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How do survey measures related to reproduction predict unintended fertility?

Framework featured in Demography developed using Add Health

Posted January 7, 2019

Research has shown that attitudes and knowledge around reproduction predict reproductive behavior. However, throughout the plethora of research, there isn’t a set of conceptual models or measures that are used to determine the constructs – or theoretical makeup – of reproduction attitudes and knowledge. The inconsistency leads to difficulty comparing findings across studies and understanding further how these constructs may lead to different reproductive outcomes, including unintended fertility. A study by Karen Guzzo and others, featured in Demography, looked specifically at developing a framework which could refine existing measures and set a standard for future research.

The research team reviewed questions that related to defined constructs of reproductive attitudes and reproductive knowledge from both Add Health and the Relationship Dynamics and Social Life study. Using psychometric techniques, the authors conducted exploratory factor analysis and tested the generated models using confirmatory factor analysis. The findings revealed that, while reproductive attitudes and knowledge are multidimensional, they are also generalizable among adolescents and young adults in the United States, and there are potential ways to improve current measures.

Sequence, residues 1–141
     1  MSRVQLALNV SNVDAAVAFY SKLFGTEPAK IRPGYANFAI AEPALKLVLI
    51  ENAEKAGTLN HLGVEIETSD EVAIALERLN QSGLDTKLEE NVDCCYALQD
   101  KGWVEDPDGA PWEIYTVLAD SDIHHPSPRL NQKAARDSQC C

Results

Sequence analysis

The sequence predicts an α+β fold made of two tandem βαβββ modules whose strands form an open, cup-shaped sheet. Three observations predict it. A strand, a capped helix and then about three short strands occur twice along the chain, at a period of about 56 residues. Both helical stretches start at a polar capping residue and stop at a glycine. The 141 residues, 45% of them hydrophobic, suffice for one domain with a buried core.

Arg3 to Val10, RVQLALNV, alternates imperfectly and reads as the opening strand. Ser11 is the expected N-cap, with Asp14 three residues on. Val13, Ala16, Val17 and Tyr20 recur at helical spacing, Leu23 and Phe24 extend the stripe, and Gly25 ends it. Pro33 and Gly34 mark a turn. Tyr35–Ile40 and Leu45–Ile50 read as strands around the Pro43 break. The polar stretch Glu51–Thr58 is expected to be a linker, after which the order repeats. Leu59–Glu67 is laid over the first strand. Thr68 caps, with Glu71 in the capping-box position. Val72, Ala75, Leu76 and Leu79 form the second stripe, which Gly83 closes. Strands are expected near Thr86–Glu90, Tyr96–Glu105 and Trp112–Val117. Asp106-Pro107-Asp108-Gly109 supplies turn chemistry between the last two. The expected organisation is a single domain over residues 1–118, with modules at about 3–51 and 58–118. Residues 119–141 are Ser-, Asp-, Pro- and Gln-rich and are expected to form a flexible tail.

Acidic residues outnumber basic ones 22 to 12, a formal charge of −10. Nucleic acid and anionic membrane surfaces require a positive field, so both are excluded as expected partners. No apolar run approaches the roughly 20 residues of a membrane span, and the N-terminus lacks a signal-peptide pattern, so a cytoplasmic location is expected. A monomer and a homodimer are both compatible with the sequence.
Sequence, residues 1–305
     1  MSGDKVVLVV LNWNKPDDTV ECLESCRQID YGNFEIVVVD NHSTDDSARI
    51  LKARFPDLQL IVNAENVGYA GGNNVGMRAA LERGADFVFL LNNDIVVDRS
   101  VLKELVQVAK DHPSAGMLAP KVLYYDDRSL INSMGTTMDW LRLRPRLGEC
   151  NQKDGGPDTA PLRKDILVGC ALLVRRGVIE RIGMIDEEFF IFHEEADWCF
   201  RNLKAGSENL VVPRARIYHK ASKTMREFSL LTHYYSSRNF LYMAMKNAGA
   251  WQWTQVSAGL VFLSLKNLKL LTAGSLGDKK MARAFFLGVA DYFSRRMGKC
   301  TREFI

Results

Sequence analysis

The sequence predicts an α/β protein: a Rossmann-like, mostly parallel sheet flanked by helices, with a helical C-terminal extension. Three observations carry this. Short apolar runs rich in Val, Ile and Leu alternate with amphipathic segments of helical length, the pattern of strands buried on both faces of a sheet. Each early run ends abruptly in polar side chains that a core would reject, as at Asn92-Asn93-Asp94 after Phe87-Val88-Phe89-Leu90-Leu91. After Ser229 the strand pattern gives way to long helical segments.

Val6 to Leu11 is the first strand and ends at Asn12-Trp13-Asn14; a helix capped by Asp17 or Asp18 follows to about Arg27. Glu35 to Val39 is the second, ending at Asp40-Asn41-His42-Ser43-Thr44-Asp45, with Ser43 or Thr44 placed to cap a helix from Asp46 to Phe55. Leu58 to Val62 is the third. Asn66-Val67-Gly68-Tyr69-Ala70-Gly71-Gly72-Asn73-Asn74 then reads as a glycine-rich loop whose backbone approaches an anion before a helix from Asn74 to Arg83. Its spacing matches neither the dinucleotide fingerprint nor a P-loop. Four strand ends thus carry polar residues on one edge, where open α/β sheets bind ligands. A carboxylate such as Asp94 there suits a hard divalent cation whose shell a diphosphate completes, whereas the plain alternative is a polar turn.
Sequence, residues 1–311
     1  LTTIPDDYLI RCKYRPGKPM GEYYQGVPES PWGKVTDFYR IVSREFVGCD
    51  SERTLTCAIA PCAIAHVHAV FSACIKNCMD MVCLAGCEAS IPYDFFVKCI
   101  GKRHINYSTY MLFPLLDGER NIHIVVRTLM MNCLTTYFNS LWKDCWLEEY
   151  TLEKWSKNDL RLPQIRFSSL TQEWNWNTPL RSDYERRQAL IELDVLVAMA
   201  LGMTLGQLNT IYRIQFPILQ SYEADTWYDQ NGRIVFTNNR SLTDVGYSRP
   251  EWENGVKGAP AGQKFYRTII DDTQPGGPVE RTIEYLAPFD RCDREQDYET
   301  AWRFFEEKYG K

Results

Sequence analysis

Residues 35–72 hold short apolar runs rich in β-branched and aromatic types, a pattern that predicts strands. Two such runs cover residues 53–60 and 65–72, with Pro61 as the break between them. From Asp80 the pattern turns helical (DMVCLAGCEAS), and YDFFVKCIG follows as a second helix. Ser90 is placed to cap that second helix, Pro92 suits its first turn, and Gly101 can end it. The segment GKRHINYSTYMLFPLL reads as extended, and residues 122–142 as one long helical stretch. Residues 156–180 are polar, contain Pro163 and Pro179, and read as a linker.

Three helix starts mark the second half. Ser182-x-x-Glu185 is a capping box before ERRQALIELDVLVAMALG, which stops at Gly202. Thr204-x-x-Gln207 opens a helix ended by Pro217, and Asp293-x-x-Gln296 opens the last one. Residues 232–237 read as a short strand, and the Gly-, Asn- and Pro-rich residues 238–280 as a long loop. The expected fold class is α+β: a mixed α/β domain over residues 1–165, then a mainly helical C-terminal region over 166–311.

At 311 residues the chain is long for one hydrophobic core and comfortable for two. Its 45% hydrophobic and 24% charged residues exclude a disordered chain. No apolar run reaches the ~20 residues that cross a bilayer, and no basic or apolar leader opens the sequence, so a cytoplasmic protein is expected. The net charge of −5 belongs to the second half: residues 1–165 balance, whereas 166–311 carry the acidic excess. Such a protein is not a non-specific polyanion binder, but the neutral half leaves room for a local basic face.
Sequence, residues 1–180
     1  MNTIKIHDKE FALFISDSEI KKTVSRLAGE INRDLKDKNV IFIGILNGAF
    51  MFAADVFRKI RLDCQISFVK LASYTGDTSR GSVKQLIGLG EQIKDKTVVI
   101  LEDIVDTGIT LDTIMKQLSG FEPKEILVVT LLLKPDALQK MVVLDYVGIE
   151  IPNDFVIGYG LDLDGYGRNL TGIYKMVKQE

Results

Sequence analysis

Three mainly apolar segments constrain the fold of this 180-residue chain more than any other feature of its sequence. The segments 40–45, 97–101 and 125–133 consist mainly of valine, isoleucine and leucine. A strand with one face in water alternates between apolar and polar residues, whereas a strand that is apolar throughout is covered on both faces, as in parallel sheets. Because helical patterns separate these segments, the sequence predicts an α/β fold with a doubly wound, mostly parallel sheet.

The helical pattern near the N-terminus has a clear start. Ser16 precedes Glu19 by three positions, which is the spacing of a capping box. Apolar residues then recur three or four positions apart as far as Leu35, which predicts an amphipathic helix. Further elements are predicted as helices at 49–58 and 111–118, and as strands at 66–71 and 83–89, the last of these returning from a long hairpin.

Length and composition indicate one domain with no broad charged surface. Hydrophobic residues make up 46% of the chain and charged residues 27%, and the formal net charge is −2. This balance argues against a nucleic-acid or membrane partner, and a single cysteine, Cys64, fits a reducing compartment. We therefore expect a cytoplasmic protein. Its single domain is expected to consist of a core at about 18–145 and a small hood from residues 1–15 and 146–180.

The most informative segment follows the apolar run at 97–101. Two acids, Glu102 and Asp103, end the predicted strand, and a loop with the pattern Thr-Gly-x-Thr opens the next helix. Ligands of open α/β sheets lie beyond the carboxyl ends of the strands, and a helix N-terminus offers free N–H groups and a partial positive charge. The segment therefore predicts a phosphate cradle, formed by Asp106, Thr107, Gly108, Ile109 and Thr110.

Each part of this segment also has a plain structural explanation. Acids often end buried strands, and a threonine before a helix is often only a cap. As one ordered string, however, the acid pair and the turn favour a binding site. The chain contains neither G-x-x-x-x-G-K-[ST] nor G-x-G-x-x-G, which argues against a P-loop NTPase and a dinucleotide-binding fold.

This study takes an important first step towards synthesizing results from existing studies and developing established measures to model the important relationship between reproductive attitudes and knowledge and unintended fertility, especially among teens and young adults.

You can learn more about the study methods by reading the full article here.

Guzzo, K. B., Hayford, S. R., Lang, V. W., Wu, H.-S., Barber, J., & Kusunoki, Y. (2018). Dimensions of reproductive attitudes and knowledge related to unintended childbearing among U.S. adolescents and young adults. Demography. doi:10.1007/s13524-018-0747-7